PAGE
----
Recipe: Singapore’s Beloved “Chicken Rice”

The minute Anthony Bourdain said he got boo’d in Singapore over Chicken Rice, I knew the recipe had edged out all other contenders for a place on our Singaporean Global Table.

It’s true – when the world-renowned food star admitted that, after 7 visits, not only did he not have a favorite Chicken Rice joint, but that he’d never even taken a bite of this national favorite, the apparent transgression was enough to send the crowd in an uproar.

I can’t even imagine.

Talk about food love. Unexpected and pure.



Food for Thought:

All this hoopla made me wonder what about my culture’s food is this way – what dish must a visitor try to have truly experienced American culture?

Pizza? Chowder? I have to say, I was stumped.

I’d love to hear your thoughts, if anything comes to mind.

For, now, back to business… let’s talk Chicken Rice. This is a deceptively simple dish – one that could be summed up as room temperature chicken over rice. But that summary would do the dish a great disservice.

There’s a whole lot more going on.

The chicken is gently poached in a ginger, garlic, and green onion broth. The rice is a bit bolder, smacking of sauteed shallot, garlic, and ginger… and is plumped up with the very broth created by poaching the chicken. Some of the broth even gets used to make the chili sauce.

Nothing good wasted.

The real surprise of this dish comes with the ice bath. Plunking chicken in ice is an old Chinese method used to tighten and smooth the skin, making for a much more enjoyable mouthfeel that plain ol’ boiled chicken skin.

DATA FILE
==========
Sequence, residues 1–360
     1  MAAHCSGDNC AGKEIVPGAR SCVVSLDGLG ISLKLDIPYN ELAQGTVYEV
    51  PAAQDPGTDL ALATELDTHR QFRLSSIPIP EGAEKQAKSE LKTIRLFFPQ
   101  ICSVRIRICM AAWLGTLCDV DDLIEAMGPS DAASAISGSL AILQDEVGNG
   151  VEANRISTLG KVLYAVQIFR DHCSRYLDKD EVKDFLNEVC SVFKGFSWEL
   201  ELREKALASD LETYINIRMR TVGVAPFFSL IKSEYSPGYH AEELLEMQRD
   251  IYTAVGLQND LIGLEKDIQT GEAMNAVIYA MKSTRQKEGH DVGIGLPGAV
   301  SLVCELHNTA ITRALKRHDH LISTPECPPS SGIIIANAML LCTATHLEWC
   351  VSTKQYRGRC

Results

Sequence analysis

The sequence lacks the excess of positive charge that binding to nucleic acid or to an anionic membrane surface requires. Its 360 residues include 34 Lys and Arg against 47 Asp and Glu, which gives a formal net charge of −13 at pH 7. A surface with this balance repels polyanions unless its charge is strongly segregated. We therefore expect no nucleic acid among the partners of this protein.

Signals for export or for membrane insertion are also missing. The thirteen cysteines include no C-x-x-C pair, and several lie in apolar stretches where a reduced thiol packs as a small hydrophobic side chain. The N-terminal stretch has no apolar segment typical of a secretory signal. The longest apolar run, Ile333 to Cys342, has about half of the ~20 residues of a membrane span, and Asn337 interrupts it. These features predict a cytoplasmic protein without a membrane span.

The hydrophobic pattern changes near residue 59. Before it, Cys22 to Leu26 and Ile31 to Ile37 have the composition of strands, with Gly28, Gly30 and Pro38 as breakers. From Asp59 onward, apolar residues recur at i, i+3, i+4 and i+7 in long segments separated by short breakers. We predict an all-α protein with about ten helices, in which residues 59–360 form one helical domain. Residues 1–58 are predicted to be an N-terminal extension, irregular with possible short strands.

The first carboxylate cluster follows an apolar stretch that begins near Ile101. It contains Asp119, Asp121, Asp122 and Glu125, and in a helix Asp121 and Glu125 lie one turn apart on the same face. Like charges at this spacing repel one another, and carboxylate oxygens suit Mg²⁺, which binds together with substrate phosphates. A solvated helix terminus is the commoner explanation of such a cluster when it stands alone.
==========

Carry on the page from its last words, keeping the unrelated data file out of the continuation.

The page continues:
Let’s be honest, flabby chicken skin isn’t appealing.

So thanks for the ice trick, China!

The finishing touch is an incredible arsenal of garnishes. Anything from sliced cucumbers or tomatoes, to rich sesame oil, dark soy sauce, and chili sauce. Locals love to argue about the best way to sauce your chicken rice – dip or drizzle.

I’ll leave the logistics of that up to you.


Inspired by Christine’s RecipesThe World Cookbook for Students &, of course, Mr. Bourdain who has  a pretty neat tumblr.

Serves 4


For the chicken:

4 whole chicken legs
4 cloves garlic, quartered
2 inches of ginger, sliced in coins
4 green onions, halved
boiling water, to cover

Bowl of ice & water

For the rice:

2 cups white rice
1 quart chicken broth
1-2 small shallot, chopped finely
3 cloves garlic, crushed
1 tsp grated ginger

Accompaniments (as desired):

sliced cucumber
sliced tomato
green onion
fried shallots
dark soy sauce
homemade chili sauce (recipe coming)
sesame oil


There are four stages in making Chicken Rice.

1. Find somewhere beautiful to cook.

Sunrise in Singapore, photo by Mohd Kamal.

Sunrise in Singapore, photo by Mohd Kamal.


2. Poach the Chicken